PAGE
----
Topic 7


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  • Advertising is sometimes cited as a real life example of the prisoner’s dilemma. When cigarette advertising was legal in the United States, competing cigarette manufacturers had to decide how much money to spend on advertising. The effectiveness of Firm A’s advertising was partially determined by the advertising conducted by Firm B. Likewise, the profit derived from advertising for Firm B is affected by the advertising conducted by Firm A. If both Firm A and Firm B chose to advertise during a given period the advertising cancels out, receipts remain constant, and expenses increase due to the cost of advertising. Both firms would benefit from a reduction in advertising. However, should Firm B choose not to advertise, Firm A could benefit greatly by advertising. Nevertheless, the optimal amount of advertising by one firm depends on how much advertising the other undertakes. As the best strategy is dependent on what the other firm chooses there is no dominant strategy and this is not a prisoner's dilemma but rather is an example of a stag hunt. The outcome is similar, though, in that both firms would be better off were they to advertise less than in the equilibrium. Sometimes cooperative behaviors do emerge in business situations. For instance, cigarette manufacturers endorsed the creation of laws banning cigarette advertising, understanding that this would reduce costs and increase profits across the industry. [8] This analysis is likely to be pertinent in many other business situations involving advertising.
  • Topic 7

    1. 1. Tacit Negotiations and SocialDilemmasPresenters:Ahmed IbrahimFaten AttiaNourhane Abdel RahmanOssama Abdel Razek
    2. 2. By end of this presentation, we will be able to learn• Tacit Negotiations• Difference Between Tacit and Explicit Negotiations• Social Dilemma• Rational Analysis• Tragedy of The Common• Escalation of Commitment
    3. 3. Tacit Negotiations
    4. 4. Tacit NegotiationsOriginally, The word Tacit comes fromLatin word (Tacitus) which means“Silent”In other words: it means “indirect”
    5. 5. Kyoto Protocol 1997
    6. 6. Difference betweenExplicit & Tacit negotiations
    7. 7. John Nash, AmericanMathematician who wonNoble Award ForEconomic Sciences in1994In Early 50s, Nash made the distinctionbetween Cooperative & Non-CooperativeNegotiations
    8. 8. Cooperative Vs Noncooperative• Contract is explicit • Contract is tacit• Mutual understanding • People often do not know what others will do• People negotiate via proposals • People negotiate through their and counterproposals and can behaviors and actions rather use words to justify their offers than promises• People usually come to the • People are often pulled into table voluntarily negotiations without wanting to be involved
    9. 9. Example of Tacit Negotiation: US Policy Vs The Egyptian RevolutionUS Policy was blessing Mubarak system as he and his regime had been paving the way to American interests in the region over 30 years
    10. 10. Demonstrations Swept everywhere in Egypt on 25 of January 2011 th
    11. 11. On Jan 27th, Clinton stated : “Egyptian Governmentseeks ways to implement political and social reform.and we will support the government to reach its goal”
    12. 12. The US Government Waited to See How and Wherethings are going to be settled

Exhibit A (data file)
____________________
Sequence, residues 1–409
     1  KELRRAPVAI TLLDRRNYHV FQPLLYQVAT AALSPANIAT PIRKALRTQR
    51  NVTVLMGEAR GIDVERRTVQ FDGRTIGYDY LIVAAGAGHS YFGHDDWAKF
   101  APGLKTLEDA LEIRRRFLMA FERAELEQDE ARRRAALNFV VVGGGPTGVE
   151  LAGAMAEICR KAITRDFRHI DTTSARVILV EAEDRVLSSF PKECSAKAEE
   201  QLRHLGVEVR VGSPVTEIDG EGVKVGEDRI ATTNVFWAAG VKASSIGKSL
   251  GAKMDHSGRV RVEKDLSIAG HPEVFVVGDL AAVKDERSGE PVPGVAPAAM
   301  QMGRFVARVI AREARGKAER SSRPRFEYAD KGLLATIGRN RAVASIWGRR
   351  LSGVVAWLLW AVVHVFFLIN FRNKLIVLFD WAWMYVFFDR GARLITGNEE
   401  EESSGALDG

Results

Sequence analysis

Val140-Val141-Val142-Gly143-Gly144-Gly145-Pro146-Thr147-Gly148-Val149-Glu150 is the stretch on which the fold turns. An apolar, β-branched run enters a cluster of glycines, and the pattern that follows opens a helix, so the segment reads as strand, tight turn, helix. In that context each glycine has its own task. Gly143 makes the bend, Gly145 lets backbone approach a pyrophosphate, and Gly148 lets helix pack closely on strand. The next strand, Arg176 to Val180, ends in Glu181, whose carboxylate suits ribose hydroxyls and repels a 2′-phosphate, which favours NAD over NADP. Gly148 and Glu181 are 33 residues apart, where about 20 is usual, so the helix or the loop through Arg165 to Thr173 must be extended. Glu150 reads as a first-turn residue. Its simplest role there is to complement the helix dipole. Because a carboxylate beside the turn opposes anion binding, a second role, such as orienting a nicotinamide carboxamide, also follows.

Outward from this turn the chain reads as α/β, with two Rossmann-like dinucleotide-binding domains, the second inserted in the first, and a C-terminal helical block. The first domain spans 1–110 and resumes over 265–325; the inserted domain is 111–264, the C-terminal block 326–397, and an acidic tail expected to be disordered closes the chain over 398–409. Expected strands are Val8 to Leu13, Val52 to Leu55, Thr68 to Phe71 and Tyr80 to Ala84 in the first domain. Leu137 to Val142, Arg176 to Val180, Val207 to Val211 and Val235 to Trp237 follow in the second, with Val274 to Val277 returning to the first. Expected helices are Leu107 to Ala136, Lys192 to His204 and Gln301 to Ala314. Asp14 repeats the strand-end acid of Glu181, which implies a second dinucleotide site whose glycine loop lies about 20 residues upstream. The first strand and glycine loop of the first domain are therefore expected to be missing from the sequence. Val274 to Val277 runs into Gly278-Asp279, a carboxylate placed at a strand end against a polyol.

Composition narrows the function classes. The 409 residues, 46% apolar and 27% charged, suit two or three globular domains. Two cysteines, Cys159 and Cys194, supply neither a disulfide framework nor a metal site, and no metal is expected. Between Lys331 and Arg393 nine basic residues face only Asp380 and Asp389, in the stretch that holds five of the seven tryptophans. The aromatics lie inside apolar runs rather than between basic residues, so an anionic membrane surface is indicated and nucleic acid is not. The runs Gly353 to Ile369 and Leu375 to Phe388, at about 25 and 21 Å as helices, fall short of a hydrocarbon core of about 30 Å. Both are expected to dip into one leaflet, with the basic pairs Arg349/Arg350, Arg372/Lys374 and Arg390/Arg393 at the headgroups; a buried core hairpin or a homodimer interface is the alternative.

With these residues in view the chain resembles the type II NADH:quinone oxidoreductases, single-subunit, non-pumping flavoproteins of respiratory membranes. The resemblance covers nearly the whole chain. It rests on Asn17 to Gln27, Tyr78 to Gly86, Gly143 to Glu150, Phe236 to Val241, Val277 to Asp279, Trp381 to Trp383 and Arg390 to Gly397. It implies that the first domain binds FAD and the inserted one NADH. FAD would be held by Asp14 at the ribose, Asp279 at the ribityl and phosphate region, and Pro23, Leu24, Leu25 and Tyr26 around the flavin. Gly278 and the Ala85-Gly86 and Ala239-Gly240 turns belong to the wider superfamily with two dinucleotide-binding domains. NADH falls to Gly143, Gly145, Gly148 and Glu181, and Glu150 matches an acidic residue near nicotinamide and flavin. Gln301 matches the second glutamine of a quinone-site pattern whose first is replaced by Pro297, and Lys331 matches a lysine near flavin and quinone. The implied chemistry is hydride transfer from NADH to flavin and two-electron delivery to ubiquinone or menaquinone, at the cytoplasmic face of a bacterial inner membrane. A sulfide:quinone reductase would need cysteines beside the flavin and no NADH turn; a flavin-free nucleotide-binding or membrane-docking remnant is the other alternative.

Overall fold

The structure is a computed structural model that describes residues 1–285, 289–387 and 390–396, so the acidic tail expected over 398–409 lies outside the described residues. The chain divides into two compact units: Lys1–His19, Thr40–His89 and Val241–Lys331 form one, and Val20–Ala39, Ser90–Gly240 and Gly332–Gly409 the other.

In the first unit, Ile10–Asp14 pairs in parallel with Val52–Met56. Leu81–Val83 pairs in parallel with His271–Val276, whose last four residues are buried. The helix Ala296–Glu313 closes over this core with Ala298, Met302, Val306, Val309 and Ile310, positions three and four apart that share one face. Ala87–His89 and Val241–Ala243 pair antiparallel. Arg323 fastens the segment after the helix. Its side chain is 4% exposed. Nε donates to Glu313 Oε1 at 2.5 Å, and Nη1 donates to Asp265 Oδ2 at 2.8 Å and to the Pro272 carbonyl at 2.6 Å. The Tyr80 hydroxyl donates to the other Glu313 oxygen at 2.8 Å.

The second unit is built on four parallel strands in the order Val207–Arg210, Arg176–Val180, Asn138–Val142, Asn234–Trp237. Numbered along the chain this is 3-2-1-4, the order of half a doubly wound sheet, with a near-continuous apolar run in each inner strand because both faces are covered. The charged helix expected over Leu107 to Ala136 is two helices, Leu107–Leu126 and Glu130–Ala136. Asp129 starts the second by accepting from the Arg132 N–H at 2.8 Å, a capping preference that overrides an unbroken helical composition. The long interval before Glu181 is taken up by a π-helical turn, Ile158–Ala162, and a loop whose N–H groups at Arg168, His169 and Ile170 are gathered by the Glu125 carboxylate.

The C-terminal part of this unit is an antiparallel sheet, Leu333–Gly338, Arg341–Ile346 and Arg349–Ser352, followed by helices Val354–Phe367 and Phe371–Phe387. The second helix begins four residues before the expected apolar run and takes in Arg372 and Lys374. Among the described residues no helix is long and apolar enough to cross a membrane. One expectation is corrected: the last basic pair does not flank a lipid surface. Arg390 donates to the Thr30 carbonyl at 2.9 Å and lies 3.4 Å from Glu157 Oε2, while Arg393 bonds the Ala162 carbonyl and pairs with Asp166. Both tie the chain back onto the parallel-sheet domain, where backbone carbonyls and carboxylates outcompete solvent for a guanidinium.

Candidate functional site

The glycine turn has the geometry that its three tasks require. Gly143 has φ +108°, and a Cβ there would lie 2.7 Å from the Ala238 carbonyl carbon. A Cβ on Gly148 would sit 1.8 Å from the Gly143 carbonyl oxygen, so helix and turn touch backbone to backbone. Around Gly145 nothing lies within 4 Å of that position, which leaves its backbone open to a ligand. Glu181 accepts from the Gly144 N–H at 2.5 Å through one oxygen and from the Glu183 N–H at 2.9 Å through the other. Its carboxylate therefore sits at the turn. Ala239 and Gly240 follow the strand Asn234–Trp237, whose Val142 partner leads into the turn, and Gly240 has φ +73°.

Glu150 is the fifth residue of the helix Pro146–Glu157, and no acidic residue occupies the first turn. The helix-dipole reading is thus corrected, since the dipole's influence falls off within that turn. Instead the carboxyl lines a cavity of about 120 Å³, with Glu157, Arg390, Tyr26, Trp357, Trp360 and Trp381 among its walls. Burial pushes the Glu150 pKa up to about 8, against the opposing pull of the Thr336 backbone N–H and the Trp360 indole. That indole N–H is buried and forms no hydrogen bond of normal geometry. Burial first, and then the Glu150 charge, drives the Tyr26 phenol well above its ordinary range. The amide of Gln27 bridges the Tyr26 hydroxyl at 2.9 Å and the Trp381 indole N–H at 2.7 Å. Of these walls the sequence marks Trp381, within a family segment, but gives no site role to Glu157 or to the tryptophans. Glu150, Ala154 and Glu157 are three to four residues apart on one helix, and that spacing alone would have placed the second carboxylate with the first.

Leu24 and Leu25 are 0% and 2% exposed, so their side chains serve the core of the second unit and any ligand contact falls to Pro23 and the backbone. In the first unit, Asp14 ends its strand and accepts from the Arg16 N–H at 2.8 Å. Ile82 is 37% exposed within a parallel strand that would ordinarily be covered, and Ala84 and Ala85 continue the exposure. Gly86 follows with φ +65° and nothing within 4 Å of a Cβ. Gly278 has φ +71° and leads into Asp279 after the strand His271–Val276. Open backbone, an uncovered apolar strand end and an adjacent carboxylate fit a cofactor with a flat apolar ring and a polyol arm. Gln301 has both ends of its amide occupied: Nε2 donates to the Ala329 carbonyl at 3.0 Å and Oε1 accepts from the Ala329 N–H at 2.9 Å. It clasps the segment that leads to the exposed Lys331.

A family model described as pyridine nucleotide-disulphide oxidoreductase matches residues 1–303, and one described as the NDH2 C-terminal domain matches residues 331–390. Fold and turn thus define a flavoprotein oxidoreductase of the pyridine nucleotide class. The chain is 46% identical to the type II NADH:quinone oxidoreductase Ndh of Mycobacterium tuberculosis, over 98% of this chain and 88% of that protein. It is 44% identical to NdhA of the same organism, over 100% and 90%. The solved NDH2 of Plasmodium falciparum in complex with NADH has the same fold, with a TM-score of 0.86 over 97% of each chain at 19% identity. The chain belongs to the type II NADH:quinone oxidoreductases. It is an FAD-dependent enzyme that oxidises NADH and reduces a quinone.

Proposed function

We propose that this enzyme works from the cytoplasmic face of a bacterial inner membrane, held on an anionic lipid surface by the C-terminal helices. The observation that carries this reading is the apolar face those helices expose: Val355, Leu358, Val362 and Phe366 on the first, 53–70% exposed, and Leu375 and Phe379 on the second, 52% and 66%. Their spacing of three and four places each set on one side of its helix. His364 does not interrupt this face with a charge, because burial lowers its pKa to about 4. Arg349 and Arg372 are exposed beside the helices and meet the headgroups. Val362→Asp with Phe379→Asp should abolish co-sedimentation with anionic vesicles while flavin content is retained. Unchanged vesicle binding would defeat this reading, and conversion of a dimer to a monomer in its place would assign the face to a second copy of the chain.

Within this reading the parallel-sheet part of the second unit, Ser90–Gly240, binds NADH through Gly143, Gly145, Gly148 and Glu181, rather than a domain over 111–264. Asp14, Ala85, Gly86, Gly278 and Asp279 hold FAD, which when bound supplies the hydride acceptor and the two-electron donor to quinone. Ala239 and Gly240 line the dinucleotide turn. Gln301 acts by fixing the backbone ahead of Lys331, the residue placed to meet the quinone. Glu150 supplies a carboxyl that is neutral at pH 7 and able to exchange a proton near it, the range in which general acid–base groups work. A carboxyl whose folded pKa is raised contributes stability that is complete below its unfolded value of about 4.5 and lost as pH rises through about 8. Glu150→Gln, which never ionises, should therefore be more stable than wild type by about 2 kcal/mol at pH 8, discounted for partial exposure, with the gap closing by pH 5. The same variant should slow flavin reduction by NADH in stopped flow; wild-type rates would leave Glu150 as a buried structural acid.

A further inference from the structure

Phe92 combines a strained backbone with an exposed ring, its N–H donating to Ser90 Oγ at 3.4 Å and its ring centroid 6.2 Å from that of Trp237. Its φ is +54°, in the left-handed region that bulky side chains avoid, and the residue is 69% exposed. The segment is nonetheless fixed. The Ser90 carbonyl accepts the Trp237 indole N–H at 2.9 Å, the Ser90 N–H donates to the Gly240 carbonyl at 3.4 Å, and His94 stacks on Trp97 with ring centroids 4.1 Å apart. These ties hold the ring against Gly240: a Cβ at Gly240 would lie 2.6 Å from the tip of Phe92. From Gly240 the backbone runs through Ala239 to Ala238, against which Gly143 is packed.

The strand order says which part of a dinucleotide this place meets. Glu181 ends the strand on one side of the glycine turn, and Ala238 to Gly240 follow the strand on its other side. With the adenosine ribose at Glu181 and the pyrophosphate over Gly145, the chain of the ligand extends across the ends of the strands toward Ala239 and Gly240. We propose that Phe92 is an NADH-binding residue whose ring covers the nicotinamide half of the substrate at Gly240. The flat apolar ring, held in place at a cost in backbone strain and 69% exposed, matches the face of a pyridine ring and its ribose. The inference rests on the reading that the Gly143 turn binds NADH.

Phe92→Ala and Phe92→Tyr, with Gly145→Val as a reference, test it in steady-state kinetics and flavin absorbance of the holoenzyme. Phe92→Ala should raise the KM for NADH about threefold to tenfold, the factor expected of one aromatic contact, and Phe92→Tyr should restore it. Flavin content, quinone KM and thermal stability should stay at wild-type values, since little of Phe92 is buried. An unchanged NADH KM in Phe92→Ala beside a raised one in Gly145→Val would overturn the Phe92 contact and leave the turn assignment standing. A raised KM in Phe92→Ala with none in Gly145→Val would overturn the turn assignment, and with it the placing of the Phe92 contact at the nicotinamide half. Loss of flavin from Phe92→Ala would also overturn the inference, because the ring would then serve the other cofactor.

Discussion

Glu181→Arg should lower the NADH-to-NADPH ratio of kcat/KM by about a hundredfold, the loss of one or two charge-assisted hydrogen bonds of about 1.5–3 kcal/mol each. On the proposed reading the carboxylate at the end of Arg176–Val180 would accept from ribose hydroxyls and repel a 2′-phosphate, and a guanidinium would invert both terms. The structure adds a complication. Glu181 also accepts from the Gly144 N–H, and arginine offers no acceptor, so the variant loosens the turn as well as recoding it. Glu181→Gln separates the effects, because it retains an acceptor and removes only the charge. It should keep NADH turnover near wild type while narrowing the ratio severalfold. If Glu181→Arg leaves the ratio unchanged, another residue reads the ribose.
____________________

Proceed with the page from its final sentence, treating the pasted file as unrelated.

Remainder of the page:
13. 13. By early February,Obama Started askingMubarak to Leaveinstead of US usualsupport
    14. 14. After Mubarak Steppingdown, Obama stated:“Egyptian People havemade it clear, they needclean fair elections,Revised Constitution andreal democracy. US willstill be friend and partnerto Egypt”
    15. 15. As a conclusion to this type ofnegotiations:> Negotiation was Interdependent (will dothis action when other party does a certainaction)> Outcomes are determined by actions
    16. 16. In Alain Plantey’s book : InternationalNegotiation in the twenty-first century about “Silence” in Tacit Negotiations
    17. 17. The Prisoner’s Dilemma
    18. 18. 2 Person Dilemma Thelma Do not Confess Confess (Remains Silent) Do not Confess A B (Remains Silent) Thelma: 1 Year Thelma: 0 Year Louise: 1 Year Louise: 15 YearsLouise C D Thelma:15 Thelma:10 Years Louise: 0 Louise: 10 Years Confess
    19. 19. example of “Prisoner’s Dilemma”• The two companies have 2 choices:a. "cooperate" (each one not advertise its products)b. "defect" (each one advertises its products)• Best Choice for Company 1 or Company 2 is to: DEFECT! 
    20. 20. Another Example of Prisoner’s Dilemma• Consider two competing athletes: Alice and Bob. Both Alice and Bob have to individually decide if they are going to take drugs or not.• Alice thinking:"If Bob doesnt take any drugs," she thinks, "then it will be in my best interest to take them. They will give me a performance edge against Bob. I have a better chance of winning."Similarly, if Bob takes drugs, its also in my interest to agree to take them. At least that way Bob wont have an advantage over me."So even though I have no control over what Bob chooses to do, taking drugs gives me the better outcome, regardless of his action."• This DILEMMA will force each to take “drugs” as it is after all an “individual choice”, no trust of the other’s behavior
    21. 21. Rational Analysis
    22. 22. Case 1: One Shot Decision• Dominance • Equilibrium Detection: Outcome: Negotiator seizes mutual defection No opportunity no matter Player improves his/her what’s the other party’s outcome by making decision : different choice (both know to confess that this decision “confession” is the best or dominant strategy. Important rule in this case: no communication between the 2 parties. Conclusion: it is a single choice and living with the consequences